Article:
The second beach incident
 The complainant said that the second beach incident occurred at Undiwalmalk near the airport on Goulburn Island. She was at the beach there with the father, the accused and several of her cousins. The cousins went to Bottle Rock, not far away. The father “was starting to – to – um – do thing again” and the complainant said, “No,” and ignored him. The accused went down near the beach looking for bait on the rocks.
 Then the father told the complainant she should have this experience. She said, “No, you’re my dad and dad’s not supposed to be doing that to them children”. She said to him in language, “No – no.” Then he got the spear and said to her, “I will spear you,” but he didn’t, the two cousins came back. She was afraid he might spear her.
 Then he said, in language, “….. You spear me then [D] cause obviously you don’t want to do it with me,” and she said, “No,” and ran off to the accused. The father was talking “all sorts of stupid ways” saying, “Oh [D], I won’t spear you. I want to die. I will die. I’ll spear you and then my turn.”
 Then they picked up the boys and drove home. The complainant said the father was angry with her on the way home – screaming and yelling – so she went to his aunty’s place for dinner.
 The complainant also said that on one occasion (it is not totally clear but it may have been after they got home from the first beach incident) the accused told her that her (ie the accused’s) daughter had had the same experience. The daughter (who was a child at the time) was deep asleep, the accused was there with her “and then [the father] was doing it to her”. The accused told D that “she told her daughter to relax, it won’t take that long and her daughter did relax and then he was just banging her”. She explained that by that she meant that the father was having sex with the accused’s daughter in front of her mum and that the accused had said her daughter was all relaxed. The complainant said the accused also said, “He does that to make your thing bigger. …. make you get bigger hole so ….. you already have this experience so when you get a man or a husband you will do this.” She said the accused told her, “Now she [ie the accused’s daughter] don’t have to worry about what she’s doing now, she can just go for anything she wants.”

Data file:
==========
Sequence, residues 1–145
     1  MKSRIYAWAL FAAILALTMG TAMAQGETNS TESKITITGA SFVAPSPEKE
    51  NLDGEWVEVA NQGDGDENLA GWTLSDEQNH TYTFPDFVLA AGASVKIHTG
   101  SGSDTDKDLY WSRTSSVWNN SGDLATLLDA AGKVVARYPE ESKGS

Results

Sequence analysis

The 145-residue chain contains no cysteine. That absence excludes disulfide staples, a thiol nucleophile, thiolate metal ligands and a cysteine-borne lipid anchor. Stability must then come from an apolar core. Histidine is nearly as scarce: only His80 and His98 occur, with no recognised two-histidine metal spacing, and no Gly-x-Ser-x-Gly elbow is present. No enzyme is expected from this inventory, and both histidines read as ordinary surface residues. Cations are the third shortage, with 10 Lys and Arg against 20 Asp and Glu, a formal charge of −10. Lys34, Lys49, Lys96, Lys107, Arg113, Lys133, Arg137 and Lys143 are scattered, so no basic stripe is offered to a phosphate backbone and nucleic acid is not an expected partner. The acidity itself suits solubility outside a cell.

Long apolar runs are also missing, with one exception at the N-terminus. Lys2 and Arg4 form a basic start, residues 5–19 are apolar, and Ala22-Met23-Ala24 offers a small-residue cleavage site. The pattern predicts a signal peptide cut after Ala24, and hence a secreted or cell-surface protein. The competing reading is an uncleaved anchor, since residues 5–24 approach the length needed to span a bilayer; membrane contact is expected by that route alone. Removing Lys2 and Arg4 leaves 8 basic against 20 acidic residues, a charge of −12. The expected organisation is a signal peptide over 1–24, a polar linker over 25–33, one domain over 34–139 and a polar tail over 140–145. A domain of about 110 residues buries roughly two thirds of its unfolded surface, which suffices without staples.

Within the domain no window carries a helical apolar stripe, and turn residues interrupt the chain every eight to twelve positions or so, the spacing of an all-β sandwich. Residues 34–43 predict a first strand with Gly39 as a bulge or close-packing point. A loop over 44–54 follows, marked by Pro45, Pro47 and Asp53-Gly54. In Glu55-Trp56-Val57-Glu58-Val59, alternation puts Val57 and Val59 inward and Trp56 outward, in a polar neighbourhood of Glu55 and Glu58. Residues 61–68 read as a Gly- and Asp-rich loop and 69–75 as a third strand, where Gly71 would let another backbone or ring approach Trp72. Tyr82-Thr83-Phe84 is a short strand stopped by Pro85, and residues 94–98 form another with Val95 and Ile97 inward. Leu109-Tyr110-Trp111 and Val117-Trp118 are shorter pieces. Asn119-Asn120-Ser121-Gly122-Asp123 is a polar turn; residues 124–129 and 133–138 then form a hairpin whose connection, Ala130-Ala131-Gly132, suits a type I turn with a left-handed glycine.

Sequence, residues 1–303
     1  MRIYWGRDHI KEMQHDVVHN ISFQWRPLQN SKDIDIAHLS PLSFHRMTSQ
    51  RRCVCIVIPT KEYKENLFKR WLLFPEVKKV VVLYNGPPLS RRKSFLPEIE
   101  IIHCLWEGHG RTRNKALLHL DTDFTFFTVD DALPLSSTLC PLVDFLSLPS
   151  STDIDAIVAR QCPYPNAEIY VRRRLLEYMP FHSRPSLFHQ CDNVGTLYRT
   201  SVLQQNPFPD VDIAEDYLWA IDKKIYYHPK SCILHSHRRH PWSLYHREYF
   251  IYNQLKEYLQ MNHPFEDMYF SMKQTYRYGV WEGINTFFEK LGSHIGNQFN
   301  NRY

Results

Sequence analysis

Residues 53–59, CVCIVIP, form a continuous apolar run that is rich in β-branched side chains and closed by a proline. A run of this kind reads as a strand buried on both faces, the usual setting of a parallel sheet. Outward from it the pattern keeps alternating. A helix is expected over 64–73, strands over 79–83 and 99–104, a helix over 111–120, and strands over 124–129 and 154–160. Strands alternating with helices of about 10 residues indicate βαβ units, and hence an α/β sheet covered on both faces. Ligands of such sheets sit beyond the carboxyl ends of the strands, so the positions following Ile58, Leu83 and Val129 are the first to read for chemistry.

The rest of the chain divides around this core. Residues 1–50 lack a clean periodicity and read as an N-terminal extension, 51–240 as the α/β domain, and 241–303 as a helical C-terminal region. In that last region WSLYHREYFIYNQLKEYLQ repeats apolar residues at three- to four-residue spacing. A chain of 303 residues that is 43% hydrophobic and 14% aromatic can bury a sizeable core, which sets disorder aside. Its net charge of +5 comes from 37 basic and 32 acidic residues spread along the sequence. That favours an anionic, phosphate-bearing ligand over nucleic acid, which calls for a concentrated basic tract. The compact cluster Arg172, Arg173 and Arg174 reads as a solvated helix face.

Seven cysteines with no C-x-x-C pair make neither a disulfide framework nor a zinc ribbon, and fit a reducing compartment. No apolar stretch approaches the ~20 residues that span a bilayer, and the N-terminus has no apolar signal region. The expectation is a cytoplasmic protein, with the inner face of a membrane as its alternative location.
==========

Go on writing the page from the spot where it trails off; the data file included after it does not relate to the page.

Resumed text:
The defence objects to the admission of any of this evidence.
 The Crown says that the jury can infer from this evidence that on each occasion at the beach the accused must have been aware of the sexual abuse. She was quite close on the first occasion, and given the moonlight and the distance would have seen what was happening – and certainly would have heard the complainant crying, as she ran away pulling up her pants and have heard the father chasing and shouting at her. Yet she did not assist the child, and told her she should not have run away; she should have stayed with the father. On the occasion of the second beach incident, it appears from the order of events related by the complainant that she says the accused was present when the father “was starting to – to – um – do thing again” and she said, “No.” Then, the complainant said, she ran to the accused and the father’s “stupid” talk about spearing her and then himself continued in the presence of the accused. Also, after they got home following the first beach incident (or perhaps on another occasion) the accused had the conversation with the complainant about what she says happened with her own daughter with a view to persuading the complainant that she should submit to the father’s abuse, and that, essentially, it was for her own good.
 Hence, the Crown says, it can be inferred that the accused was aware that the father was sexually abusing the child, and her reaction was not only not to intervene to protect the child, but to actively counsel the child to submit to the father’s abuse. That makes the evidence relevant since it makes it more likely that on the occasions charged, the accused acted on this attitude by encouraging the child to submit and by actively assisting the father to carry out the abuse.